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Marlene Streit is Canada’s greatest sportswoman – Golf Canada SCOREGolf


This is Women’s History Month and today is International Women’s Day. No Canadian woman has made more history in sports, in our country or internationally, than Marlene Streit.

Streit will turn 88 tomorrow, and, fittingly on her birthday, will attend the ceremony to induct the newest class to the World Golf Hall of Fame in St. Augustine, Fla.

Streit is the only Canadian in the World Golf Hall of Fame; she was inducted in 2004. This year’s class includes Tiger Woods. As an inductee, he will be in good company, along with luminaries such as Jack Nicklaus, Gary Player and Streit’s longtime close friend JoAnne Carner, who won five U.S. Women’s Amateur championships, and 43 tournaments on the LPGA Tour, including the 1971 and 1976 U.S. Women’s Opens.

Streit has won everything in women’s amateur golf. She won 11 Canadian Ladies Amateurs, between 1951 and 1973. She won the 1953 British Ladies Amateur, when she was 19. She took the 1956 U.S. Women’s Amateur, where she defeated Carner in their final match. Streit won the 1963 Australian Women’s Amateur, and the 1985, 1994 and 2003 US. Senior Women’s Amateur, when, at 69, she became the oldest player to take the championship. She’s a member of Canada’s Sports Hall of Fame, the Canadian Golf Hall of Fame and is an Officer of the Order of Canada.

Marlene Streit won the 2003 U.S. Senior Women’s Amateur at age 69. (Photo: Copyright USGA)

Born in the small prairie town of Cereal, Alta., Streit, her parents Harold and Mary, and her older sister Dolly eventually moved to Fonthill, Ont., after a plague of locusts wiped out the family farm — twice. She was 12 when Anne Sharp, a talented amateur golfer who lived across the street, invited her to shag, or pick up, golf balls while she practised at the Lookout Point Country Club. Soon she was caddying for Gord McInnis Sr., the head professional, and hitting a few balls under his watchful eye after he finished his round. Streit took to golf. McInnis told her father she “could go the limit. She could be the best.”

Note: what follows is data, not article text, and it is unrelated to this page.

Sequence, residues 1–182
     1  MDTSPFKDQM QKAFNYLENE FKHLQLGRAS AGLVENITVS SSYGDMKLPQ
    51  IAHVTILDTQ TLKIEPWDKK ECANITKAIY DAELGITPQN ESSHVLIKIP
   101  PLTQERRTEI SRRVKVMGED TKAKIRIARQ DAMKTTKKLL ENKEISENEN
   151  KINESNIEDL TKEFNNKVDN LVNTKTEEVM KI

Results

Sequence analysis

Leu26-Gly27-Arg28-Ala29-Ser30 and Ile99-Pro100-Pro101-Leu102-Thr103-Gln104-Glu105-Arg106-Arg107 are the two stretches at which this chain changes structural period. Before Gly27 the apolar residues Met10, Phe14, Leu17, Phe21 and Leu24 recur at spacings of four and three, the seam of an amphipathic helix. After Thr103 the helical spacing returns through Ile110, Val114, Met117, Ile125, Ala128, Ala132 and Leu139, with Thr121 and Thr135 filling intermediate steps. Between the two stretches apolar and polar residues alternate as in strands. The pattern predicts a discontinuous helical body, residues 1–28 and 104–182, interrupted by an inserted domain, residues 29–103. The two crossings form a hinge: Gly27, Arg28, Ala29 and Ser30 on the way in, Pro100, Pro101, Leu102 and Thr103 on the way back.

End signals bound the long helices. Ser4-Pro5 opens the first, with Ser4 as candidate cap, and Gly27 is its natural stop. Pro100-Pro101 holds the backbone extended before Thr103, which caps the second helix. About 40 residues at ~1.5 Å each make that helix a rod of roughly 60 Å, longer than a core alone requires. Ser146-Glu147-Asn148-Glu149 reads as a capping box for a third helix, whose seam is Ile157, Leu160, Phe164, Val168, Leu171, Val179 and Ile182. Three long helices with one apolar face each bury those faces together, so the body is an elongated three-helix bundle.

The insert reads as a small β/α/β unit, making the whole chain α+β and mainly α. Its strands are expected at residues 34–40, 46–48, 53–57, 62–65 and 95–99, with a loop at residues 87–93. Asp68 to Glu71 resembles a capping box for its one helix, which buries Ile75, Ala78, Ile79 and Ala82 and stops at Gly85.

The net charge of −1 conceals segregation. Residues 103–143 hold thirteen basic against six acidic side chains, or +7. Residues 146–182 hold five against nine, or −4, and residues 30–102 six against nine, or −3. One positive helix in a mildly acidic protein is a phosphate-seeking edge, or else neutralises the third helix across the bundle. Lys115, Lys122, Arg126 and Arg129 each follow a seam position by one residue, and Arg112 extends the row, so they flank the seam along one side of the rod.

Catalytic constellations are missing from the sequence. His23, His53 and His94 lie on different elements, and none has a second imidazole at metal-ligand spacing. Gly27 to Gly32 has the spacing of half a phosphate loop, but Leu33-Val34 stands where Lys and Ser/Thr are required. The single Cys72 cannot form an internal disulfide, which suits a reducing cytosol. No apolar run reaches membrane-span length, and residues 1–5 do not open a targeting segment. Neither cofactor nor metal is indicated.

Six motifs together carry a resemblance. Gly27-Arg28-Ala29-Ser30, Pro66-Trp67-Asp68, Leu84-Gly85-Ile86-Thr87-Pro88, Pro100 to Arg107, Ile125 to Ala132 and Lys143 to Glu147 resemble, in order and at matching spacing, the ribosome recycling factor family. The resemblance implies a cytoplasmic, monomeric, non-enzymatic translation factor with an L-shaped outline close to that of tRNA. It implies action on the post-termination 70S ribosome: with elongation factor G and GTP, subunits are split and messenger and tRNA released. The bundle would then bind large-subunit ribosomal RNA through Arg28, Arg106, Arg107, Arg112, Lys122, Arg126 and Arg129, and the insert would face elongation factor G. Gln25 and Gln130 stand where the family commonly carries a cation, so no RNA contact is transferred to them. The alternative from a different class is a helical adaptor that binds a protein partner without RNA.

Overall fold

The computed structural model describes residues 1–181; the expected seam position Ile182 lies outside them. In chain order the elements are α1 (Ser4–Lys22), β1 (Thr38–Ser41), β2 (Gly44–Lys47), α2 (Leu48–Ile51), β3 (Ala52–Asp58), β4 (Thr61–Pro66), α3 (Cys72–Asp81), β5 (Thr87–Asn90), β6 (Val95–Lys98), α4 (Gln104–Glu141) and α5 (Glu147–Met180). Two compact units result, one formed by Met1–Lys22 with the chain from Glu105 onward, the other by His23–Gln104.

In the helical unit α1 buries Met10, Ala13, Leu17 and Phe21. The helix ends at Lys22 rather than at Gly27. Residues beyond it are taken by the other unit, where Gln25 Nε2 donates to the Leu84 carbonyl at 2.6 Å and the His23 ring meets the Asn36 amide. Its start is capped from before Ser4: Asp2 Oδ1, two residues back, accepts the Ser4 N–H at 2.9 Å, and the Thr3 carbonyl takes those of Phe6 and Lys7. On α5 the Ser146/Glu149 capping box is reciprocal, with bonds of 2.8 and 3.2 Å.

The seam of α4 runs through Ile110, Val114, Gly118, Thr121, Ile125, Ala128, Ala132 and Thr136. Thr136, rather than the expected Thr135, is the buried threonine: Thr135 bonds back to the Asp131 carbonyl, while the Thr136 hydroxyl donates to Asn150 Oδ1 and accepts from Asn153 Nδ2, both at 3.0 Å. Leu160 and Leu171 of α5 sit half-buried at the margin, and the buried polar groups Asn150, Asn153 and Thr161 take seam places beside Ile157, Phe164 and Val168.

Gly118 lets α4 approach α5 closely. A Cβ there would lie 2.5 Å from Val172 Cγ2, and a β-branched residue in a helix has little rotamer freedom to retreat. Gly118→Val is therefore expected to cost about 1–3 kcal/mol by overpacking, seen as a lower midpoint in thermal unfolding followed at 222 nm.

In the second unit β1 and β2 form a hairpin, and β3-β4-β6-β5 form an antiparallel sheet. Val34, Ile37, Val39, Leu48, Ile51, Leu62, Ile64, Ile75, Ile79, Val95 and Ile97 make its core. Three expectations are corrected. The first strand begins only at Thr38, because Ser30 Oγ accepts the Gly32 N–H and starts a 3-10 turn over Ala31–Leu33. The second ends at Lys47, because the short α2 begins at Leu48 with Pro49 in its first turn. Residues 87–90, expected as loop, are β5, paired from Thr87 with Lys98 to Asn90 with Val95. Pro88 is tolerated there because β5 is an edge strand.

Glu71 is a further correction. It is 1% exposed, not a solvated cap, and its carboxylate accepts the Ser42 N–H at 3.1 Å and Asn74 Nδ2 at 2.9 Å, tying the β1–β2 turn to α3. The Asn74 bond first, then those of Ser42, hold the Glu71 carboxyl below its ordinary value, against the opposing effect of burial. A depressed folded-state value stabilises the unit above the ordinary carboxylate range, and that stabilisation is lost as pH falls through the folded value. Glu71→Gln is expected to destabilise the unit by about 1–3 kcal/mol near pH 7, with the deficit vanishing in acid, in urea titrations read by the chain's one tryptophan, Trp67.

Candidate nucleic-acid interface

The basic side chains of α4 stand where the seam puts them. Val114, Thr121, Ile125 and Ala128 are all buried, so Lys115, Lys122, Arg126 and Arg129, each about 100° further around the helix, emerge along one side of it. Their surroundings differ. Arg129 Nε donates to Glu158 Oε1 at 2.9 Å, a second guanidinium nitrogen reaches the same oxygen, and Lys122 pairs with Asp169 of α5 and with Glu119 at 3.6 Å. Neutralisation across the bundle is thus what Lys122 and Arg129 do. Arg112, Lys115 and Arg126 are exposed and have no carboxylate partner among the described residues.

“I liked the serenity and beauty of the golf course,” Streit said recently from her winter home in Wellington, Fla. She learned from McInnis, who became her only instructor. “I watched his smooth, balanced swing,” she said. “He kept things simple. Smoothness, rhythm, balance, and the swing’s the thing. That’s what he stressed. And because Gord believed in me, I believed in myself.”

Streit won the Ontario Junior Girls’ championship twice in those early days. She won the Ontario Ladies Amateur when she was 17, in 1951, and two years later came her first big international championship, that 1953 British Ladies Amateur at the Royal Porthcawl Golf Club in Wales. Streit was barely five feet tall, but she knew where the ball was going, as golfers say of players who have command of their swing. She was also a fierce competitor. Carner found that out when they met in the 1956 U.S. Women’s Amateur at the Meridian Hills Country Club in Indianapolis.

Carner (her maiden name is Gunderson, and she was once known as the Great Gundy) drove the ball up to 100 yards longer than Streit on some holes in their final match. She spoke about this advantage when she introduced Streit during the 2004 induction ceremony at the World Golf Hall of Fame. Carner, who came to be known as “Big Mama,” referred to Streit as a “little giant.”